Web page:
Underlying this absurdity is the failure to establish the point that education belongs to the people. The most important stakeholders are children and their parents, and we need to develop systems to ensure that parents can monitor what is going on in the schools their children attend. Ensuring a good service cannot be left to the service provider, which is why government must ensure that the beneficiaries also are able to assess the quality of the service they receive. Read the rest of this entry »

qrcode.26621401Mahinda Samarasinghe was appointed by Cabinet to chair an Inter-Ministerial Committee to implement the Human Rights Action Plan, and wanted me to serve on it as well as on a smaller Task Force that would push things forward. Nishan told me the Minister had wanted to appoint Mohan to chair the Task Force but I told him, and the Minister too, that I would only serve on the Task Force if I were in charge. I added to the Minister, without mentioning names, that I had had enough of being appointed to committees that never met.

The Minister did not commit himself, but at the first meeting of the Inter-Ministerial Committee he announced that he had asked me to convene a Task Force to take things forward. He did say that even though I could be difficult – a bloody nuisance, added Mohan, in a loud whisper – he knew I would get things done. It was obvious from this that they had discussed the matter and Mohan had not been pleased. But I was able to go ahead, and we managed to move swiftly with regard to many matters, with excellent cooperation from most Ministries.

I was wary about Mohan by this stage because of my experience with regard to the Inter-Ministerial Committee to implement the interim recommendations of the Lessons Learnt and Reconciliation Commission. He had been appointed to chair this when the recommendations came out late in 2010, but there was no sign of any progress at the time the Darusman Committee issued its report in April 2011. I told the President this and, when he claimed that the Committee had made much progress, I said I thought it had never met.

At my suggestion he then told his Secretary to appoint me to that committee as well as to the team negotiating with the TNA. He also authorized me to collect from the Secretary to the Ministry of External Affairs details of the Committee’s work, which he thought was being reported on a regular basis.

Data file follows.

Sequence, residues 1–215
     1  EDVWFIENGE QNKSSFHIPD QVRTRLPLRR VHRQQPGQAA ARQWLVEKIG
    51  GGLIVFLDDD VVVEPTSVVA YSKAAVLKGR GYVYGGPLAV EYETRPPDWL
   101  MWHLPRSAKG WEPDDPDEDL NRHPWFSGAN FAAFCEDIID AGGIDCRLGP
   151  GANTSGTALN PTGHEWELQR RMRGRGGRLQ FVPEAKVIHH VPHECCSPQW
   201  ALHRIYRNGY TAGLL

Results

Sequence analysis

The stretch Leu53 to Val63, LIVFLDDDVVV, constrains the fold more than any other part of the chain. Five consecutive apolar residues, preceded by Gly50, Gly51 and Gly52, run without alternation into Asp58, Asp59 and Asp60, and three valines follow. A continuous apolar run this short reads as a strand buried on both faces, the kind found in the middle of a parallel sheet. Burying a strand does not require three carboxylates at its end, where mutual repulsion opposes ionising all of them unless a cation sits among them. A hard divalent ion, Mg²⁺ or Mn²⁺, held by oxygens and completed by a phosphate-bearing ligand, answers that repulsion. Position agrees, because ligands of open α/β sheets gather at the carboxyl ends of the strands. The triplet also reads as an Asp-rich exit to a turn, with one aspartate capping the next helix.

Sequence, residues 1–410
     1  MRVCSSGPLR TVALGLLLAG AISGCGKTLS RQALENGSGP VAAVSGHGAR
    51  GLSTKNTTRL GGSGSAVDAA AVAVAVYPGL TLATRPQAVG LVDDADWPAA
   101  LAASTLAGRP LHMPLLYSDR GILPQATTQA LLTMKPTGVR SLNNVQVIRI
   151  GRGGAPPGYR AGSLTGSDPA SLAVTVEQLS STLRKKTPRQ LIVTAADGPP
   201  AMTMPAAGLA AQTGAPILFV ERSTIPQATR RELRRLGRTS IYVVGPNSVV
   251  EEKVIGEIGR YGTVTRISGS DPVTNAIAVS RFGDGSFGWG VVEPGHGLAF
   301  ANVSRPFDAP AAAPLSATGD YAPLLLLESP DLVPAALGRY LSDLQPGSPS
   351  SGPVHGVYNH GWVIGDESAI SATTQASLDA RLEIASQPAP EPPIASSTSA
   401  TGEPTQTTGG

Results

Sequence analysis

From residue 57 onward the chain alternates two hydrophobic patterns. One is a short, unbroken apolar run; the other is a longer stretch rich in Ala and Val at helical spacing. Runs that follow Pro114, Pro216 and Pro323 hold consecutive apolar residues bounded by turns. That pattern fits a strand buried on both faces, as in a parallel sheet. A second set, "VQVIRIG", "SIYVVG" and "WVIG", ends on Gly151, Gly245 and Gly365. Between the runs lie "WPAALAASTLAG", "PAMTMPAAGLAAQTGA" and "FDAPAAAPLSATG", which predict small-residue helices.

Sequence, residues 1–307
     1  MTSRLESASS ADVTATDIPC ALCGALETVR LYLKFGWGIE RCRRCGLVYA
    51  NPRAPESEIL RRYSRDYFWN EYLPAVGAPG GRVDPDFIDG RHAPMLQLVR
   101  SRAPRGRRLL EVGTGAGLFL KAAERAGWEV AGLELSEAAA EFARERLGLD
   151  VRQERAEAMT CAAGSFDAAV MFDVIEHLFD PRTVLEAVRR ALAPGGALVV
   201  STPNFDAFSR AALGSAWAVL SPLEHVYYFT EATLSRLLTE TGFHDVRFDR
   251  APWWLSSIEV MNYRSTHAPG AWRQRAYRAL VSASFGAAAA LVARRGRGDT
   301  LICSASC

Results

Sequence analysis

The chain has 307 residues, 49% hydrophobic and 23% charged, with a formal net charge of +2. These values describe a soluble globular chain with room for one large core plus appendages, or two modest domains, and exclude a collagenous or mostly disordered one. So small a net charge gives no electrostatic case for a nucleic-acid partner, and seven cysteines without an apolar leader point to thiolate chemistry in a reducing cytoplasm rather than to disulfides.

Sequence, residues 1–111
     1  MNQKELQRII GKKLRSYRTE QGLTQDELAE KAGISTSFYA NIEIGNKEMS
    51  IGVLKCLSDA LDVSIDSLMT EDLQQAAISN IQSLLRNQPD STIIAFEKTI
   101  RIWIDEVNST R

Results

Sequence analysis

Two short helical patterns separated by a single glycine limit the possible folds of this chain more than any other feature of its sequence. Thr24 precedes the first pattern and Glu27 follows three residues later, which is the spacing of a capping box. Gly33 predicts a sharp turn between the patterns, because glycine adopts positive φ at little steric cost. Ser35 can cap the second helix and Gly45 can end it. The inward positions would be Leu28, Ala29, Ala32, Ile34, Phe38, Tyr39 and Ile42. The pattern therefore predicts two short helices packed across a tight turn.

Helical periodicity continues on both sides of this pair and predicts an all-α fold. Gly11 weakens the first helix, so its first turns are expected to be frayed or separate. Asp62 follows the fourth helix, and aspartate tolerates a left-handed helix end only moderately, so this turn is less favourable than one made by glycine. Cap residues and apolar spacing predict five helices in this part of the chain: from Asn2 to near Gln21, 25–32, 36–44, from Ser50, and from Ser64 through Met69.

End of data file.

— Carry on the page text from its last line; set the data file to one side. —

The Secretary sent me the file which contained only the first report that had been given to the Human Rights Commission in Geneva. This said a committee that had been appointed to implement the interim recommendations of the LLRC, and government had used that to argue that the Darusman report was unnecessary. But there were no minutes of meetings, and the Foreign Secretary said he had been told that minutes were not kept.

Meanwhile, the President’s Secretary had rung me shortly after the President instructed him about the appointments, to say the letter with regard to the negotiating team would be sent, and that Mohan had made no objection to my being put on the other committee. It was only after I put the phone down that I wondered about Mohan having been consulted. While obviously it was a courtesy to keep him informed, I wondered about his views being sought after the President had given an order.

Sure enough, I was told by Lalith Weeratunge a few days later that it was thought I should not be on the committee since I was a Member of Parliament, and that it consisted only of officials. I asked the President about this, and he confirmed that he had been told it would not be proper. I then suggested that monitoring the work of the committee and reporting to him about it should be one of my duties as his Advisor on Reconciliation, to which he agreed.

Armed with that clause in my letter of appointment, I saw Mohan who was as charming as always. He confessed – this was in May 2011, nine months after it had been appointed – that the committee had never met. I suggested that perhaps I should attend its first meeting and he agreed and said he was waiting to get a date from the Secretary of Defence. This was a story he repeated over the next few months, until he finally confessed that the Secretary did not want the committee to meet. Read the rest of this entry »

qrcode.26604602Nearly two months back the Liberal Party wrote to the President urging that he not hold elections in haste, and indicating that he should proceed first with the various reforms he had pledged. We got an acknowledgment, but not a response, though I suspect a call from a close relation urging that I support the President was a consequence of the letter. The refusal to consider issues seriously, while simply providing assurances that things will improve, is not however something that can be accepted ad nauseam. Indeed, while in India I was told by a political scientist who had been fully supportive of our destruction of the Tigers in Sri Lanka, that the President, having promised the Indians that he would implement the 13th Amendment, was heard to say as they were leaving that he had fooled them again.